Nova is an “untethered VR motion simulator,” making virtual reality games and training programs feel more real by rotating in any direction. Their 5.9 foot diameter sphere, which has been compared to a “human-sized hamster ball,” weighs about 1,100 lbs and simulate vehicles of all sorts by being able to move 360 degrees in any direction.
These units are too expensive for the home gaming market, the company leases each Nova unit with ongoing maintenance and upgrades, at a cost of $150,000 US Dollars per year. Eight360 is working with defense forces, mining and forestry industries, where vehicles cost millions of dollars, accidents are a very big deal and training needs to encompass tilt angles.
As I have reviewed before, this is not done with greenscreens – but instead are projected backgrounds that are rendered realtime based on camera position. This solves almost all the visual problems created when using greenscreens.
As this highlight reel shows, their technique of combining projected, camera-tracked CG environments with live actors and props can be used for all levels of production, not just blockbusters.
I suspect we’re going to see some very interesting applications soon.
IMMERSIVE LIGHTFIELD VIDEO WITH A LAYERED MESH REPRESENTATION
I worked with a little bit of early lightfield photography back in the day. Looks like they’ve expanded and possibly found an interesting VR application. These researchers present a system for capturing, reconstructing, compressing, and rendering high quality immersive light field video.
CG has always had problems with realism. Eye-lines and focus distances are never perfect. Colors between live/CG elements never quite match. Reflections can be directionally incorrect, missing, or mismatched in color/intensity. Lighting color/intensity/direction is often inconsistent between the live elements and CG elements. Mattes have problems at edges. Motion tracking is usually off by just enough to cause odd movement discontinuities. All of this makes CG look cheap.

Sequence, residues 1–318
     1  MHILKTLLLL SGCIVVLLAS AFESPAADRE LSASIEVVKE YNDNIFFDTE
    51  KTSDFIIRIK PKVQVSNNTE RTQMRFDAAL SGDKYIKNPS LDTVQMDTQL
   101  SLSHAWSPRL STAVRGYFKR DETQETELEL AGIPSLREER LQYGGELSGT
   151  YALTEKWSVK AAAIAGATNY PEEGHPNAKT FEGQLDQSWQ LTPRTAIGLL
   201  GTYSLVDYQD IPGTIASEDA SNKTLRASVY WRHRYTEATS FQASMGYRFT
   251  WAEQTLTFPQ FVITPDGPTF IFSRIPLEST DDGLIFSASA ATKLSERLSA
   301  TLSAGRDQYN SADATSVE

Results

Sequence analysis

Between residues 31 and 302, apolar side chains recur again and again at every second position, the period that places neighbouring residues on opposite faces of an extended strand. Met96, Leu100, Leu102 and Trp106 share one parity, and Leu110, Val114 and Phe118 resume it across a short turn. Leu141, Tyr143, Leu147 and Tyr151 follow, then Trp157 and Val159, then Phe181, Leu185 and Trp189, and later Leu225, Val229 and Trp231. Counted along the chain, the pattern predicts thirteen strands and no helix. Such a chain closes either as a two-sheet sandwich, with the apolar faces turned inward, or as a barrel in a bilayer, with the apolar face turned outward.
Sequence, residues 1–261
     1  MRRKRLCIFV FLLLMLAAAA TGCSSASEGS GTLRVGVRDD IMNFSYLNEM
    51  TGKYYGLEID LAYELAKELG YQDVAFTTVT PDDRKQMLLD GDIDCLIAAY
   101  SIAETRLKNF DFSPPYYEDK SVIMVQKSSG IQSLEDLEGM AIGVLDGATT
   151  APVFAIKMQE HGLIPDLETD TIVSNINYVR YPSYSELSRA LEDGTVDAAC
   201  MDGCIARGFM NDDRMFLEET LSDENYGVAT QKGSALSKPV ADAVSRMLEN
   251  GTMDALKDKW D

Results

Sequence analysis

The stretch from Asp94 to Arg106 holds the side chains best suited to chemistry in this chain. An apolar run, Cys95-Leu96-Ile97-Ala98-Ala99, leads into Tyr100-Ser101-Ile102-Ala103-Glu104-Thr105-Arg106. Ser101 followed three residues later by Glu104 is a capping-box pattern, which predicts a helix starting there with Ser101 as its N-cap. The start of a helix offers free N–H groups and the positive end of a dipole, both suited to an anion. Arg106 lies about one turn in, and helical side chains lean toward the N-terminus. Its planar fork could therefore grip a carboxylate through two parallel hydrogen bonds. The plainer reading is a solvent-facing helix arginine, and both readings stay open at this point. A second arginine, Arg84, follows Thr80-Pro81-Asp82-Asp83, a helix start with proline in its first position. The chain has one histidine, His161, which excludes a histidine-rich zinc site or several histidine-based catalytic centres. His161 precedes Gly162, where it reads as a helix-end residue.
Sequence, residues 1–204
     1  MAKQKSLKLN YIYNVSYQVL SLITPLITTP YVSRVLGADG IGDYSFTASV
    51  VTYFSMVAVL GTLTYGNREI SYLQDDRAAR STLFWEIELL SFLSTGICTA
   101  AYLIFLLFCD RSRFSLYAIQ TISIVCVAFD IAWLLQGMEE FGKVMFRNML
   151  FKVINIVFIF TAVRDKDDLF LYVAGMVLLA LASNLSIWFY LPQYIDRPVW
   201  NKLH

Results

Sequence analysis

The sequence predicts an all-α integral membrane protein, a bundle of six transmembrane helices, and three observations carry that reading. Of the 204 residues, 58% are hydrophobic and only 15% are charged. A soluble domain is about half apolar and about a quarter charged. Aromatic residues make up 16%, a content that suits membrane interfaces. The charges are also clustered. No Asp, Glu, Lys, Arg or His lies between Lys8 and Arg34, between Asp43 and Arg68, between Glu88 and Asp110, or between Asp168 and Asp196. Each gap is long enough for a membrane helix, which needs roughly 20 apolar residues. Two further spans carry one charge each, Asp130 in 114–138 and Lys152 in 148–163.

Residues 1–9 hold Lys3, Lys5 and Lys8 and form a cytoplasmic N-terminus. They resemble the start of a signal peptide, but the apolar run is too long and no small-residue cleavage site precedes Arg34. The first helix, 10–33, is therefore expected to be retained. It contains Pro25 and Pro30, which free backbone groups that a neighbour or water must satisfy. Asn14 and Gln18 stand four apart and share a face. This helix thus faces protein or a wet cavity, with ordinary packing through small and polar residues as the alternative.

But there is a new approach using large displays surrounding your shooting scene – and it’s changing the game completely. Even more amazing, camera movement and simulation are done using the Unreal gaming engine. Even back in the mid 2000’s, I worked on a project that attempted to use a game engine for movie pre-visualization. That’s how far things have come. The amazing visuals of the Mandelorian were created using this technique – and it’s blowing green-screens away.
It’s no secret that I love the old Fighting Fantasy adventure gaming books. It’s a series that had the perfect mix of choose-your-own-adventure and D&D stories. It was something I discovered around 10 years old – and now have collected almost every book in the original series.
One of the best of the series was Deathtrap Dungeon. Turns out, Eddie Marsan is narrating a new FMV version of the original Deathtrap Dungeon book. Wireframe has a writeup on the new effort, and a short clip gives a teaser:
In reading that article, I found out about something equally cool. Knightmare was a British children’s adventure game show that ran on from 1987-1994. A team of four children – one who takes on the game by donning a sight-blocking helmet and the other three acting as their guide and advisers – attempting to complete a quest within a fantasy medieval environment, traversing a large dungeon and using their wits to overcome puzzles, obstacles and the unusual characters they meet along the journey.
The show is most notable for its use of blue screen chroma key to put the child into the dunngeon, use of ‘virtual reality’ interactive gameplay on television, and the high level of difficulty faced by every team.
I had no idea this show existed. I would have loved to watch it as a kid.
Google has made its hand detection and tracking tech open-source, giving developers the opportunity to poke around in the tech’s code and see what makes it tick.
“We hope that providing this hand perception functionality to the wider research and development community will result in an emergence of creative use cases, stimulating new applications and new research avenues,” reads a blog post from the team.
Fologram combines computer-aided design with the holographic capabilities of Microsoft’s HoloLens headset to help in assembling even complex objects. The hologram can overlay exactly where each piece of the build should go, as well as an outline of the finished product.